Beach Running 101: What You Need to Know About Working Out in the Sand

If you have some beach time scheduled soon, we're stoked for you. And might we suggest that the sand offers more than opportunities to build castles? That soft, granular surface provides excellent resistance, so it's not only an inexpensive way to keep up with your workouts, but walking or running on sand also burns about 30 percent more calories than you would on a harder surface like asphalt. But before you hit the beach for your run, read these tips to get the most out of your workout.

  • Choose your shoes: You don't need a specific style of sneaker for beach running, but try to dedicate one pair of running shoes for beach runs so you don't have to attempt the nearly impossible task of removing all the sand after your workout.
  • Or go shoeless. Running barefoot allows you to use your toes to grip the ground, providing a great workout for your feet and calves. Just be careful because running on uneven surfaces can increase the risk of sprains and tendonitis, not to mention cuts and puncture wounds from broken shells and glass. Choose the flattest, cleanest surface you can find. Ease into barefoot running by starting off walking, and gradually move to running to avoid straining your muscles. And just keep alternating between walking and running as needed.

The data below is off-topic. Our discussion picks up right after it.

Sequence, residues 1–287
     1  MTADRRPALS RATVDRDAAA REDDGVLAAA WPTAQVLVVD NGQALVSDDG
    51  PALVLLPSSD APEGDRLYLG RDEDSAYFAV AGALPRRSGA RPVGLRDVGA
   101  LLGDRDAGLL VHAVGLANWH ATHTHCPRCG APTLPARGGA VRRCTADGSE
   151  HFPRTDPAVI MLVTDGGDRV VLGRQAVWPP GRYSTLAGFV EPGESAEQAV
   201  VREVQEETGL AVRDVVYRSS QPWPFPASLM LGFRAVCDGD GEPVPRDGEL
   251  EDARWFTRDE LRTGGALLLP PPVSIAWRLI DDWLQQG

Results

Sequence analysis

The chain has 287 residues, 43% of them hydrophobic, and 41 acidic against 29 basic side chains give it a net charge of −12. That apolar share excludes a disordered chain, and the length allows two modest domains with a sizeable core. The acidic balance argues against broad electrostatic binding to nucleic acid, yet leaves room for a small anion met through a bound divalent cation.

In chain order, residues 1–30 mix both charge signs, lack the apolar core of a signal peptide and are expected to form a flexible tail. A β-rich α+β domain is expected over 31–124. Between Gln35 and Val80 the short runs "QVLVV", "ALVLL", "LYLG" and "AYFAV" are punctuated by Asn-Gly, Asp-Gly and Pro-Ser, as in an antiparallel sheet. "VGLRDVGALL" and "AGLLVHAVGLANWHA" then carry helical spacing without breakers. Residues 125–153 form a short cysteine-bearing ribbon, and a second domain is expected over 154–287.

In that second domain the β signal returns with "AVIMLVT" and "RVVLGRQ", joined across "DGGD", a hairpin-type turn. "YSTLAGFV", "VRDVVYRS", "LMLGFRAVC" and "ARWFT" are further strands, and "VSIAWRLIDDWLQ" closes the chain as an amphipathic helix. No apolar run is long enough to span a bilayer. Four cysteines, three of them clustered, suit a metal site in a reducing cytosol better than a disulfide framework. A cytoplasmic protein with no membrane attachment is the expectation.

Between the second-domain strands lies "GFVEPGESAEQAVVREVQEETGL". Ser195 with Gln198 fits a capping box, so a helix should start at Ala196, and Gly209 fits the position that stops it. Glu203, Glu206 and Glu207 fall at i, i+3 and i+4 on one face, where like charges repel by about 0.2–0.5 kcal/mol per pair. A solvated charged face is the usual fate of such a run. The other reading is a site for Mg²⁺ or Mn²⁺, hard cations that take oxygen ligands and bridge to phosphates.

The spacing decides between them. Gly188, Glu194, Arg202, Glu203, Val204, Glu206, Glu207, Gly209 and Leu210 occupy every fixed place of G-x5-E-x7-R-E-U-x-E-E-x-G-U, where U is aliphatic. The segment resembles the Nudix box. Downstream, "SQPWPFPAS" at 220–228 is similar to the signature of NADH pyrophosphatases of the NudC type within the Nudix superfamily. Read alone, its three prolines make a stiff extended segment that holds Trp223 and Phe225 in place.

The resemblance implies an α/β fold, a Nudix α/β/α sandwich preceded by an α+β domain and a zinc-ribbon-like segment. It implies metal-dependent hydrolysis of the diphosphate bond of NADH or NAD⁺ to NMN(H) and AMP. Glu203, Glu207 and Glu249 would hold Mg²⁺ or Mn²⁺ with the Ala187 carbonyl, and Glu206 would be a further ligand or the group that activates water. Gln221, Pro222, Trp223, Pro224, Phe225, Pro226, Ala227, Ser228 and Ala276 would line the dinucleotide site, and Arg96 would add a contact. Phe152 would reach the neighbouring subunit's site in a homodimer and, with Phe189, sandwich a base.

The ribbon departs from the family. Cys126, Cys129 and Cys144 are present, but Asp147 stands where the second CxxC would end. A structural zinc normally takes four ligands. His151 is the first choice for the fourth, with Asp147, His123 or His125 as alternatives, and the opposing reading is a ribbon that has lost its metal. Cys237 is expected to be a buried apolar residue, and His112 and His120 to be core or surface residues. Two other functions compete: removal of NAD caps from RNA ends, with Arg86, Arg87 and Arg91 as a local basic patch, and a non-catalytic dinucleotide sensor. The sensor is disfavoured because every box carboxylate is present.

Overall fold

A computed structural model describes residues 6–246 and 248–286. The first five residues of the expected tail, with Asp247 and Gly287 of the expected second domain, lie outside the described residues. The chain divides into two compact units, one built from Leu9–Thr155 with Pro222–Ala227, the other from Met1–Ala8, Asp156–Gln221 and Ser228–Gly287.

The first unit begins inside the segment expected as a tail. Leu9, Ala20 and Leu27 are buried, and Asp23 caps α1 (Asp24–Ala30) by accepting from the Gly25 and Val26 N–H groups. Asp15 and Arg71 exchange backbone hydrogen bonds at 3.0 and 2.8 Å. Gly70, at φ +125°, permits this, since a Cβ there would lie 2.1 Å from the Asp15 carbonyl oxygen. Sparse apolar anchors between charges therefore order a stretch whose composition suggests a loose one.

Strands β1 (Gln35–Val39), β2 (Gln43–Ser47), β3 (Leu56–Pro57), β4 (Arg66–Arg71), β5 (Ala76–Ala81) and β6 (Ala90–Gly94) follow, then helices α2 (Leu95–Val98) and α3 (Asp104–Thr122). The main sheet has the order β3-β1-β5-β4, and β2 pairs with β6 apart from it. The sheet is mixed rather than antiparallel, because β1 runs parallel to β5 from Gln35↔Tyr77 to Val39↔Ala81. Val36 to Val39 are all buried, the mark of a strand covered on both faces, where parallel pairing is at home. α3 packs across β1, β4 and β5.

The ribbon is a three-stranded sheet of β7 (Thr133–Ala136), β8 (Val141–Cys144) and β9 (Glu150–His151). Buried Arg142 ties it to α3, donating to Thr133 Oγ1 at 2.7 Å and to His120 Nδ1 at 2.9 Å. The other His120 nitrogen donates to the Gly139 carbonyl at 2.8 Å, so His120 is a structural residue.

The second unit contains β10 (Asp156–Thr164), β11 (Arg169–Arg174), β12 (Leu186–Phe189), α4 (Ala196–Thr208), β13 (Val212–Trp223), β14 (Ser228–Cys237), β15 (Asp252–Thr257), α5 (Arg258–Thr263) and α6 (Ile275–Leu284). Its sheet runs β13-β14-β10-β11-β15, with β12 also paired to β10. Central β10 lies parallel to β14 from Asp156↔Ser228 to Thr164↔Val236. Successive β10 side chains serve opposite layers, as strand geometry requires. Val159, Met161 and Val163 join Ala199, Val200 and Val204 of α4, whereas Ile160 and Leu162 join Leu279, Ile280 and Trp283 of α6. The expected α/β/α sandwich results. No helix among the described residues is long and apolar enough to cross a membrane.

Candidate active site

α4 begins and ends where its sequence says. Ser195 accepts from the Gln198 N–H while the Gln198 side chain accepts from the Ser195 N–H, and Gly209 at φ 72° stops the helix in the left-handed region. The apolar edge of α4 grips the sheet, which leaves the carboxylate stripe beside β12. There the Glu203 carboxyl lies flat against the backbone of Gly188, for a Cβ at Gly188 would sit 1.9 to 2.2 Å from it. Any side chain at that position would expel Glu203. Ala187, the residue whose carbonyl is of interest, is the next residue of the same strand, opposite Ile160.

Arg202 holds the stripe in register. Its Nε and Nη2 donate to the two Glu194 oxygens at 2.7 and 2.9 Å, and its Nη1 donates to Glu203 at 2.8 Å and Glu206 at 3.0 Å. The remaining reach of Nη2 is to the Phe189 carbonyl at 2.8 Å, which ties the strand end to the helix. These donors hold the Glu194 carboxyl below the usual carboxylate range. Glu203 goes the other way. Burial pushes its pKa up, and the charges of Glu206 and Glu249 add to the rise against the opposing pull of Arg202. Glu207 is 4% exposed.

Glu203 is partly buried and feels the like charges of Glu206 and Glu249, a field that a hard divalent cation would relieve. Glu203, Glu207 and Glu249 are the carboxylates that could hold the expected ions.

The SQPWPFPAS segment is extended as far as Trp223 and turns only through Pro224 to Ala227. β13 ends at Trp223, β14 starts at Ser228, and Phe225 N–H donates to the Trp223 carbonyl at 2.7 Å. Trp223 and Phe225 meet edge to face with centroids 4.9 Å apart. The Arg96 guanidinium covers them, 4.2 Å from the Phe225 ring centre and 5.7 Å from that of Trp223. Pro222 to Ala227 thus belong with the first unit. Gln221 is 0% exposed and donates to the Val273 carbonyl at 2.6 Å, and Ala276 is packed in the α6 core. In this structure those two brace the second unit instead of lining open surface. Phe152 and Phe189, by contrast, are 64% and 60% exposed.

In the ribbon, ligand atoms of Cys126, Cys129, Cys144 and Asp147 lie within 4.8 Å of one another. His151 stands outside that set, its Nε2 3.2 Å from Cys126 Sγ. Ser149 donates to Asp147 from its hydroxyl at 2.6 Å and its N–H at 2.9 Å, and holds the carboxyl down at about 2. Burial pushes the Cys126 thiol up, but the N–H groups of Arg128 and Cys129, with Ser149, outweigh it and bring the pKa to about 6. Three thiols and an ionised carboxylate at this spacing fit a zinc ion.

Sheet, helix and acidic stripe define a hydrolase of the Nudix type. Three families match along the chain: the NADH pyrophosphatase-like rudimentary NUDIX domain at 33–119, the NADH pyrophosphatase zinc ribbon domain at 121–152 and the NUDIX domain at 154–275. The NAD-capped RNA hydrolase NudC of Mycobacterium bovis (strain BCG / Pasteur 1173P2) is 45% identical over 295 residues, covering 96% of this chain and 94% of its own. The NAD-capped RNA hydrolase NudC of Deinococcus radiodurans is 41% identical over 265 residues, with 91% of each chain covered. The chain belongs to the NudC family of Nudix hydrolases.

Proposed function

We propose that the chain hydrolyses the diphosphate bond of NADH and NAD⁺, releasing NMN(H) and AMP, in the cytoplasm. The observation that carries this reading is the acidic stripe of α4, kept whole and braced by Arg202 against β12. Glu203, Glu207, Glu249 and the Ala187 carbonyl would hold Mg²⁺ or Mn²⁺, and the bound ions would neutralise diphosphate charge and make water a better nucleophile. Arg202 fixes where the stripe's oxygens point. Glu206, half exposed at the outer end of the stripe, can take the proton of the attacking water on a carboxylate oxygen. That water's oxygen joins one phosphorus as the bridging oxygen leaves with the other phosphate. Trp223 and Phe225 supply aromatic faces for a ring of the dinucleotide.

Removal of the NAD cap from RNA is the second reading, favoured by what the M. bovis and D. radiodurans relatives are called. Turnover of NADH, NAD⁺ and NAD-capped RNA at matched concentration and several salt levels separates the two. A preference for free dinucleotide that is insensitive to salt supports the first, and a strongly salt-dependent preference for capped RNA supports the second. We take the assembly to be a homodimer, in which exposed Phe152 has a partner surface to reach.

• Start on wet sand: Do your first beach run on the wet, firm sand near the water. Do alternating intervals of running on the softer sand for one- to two-minute intervals, then switch to walking on the hard, wet sand for three to five minutes to recover. Stick with short runs totaling 15 or 20 minutes until you adapt to the soft sand.
  • Don't expect to run at your usual pace. Hitting the sand is much more challenging than pounding pavement or a treadmill, so you'll need to slow down your speed until you build up strength and endurance.
  • Protect yourself from UV rays. Running on the beach offers no protection from the sun, so lube up with a broad-spectrum sunscreen, or you may prefer to wear a lightweight, long-sleeved shirt if you're especially prone to sunburns. A hat will shade your face and neck, and sunglasses will protect your eyes from the glare of the sun's reflection on the water.
  • Finish barefoot: Postrun, take off your shoes and cool down by walking barefoot on the beach for a few minutes to strengthen your feet and ankles. Sand is great for exfoliating your callused feet, too.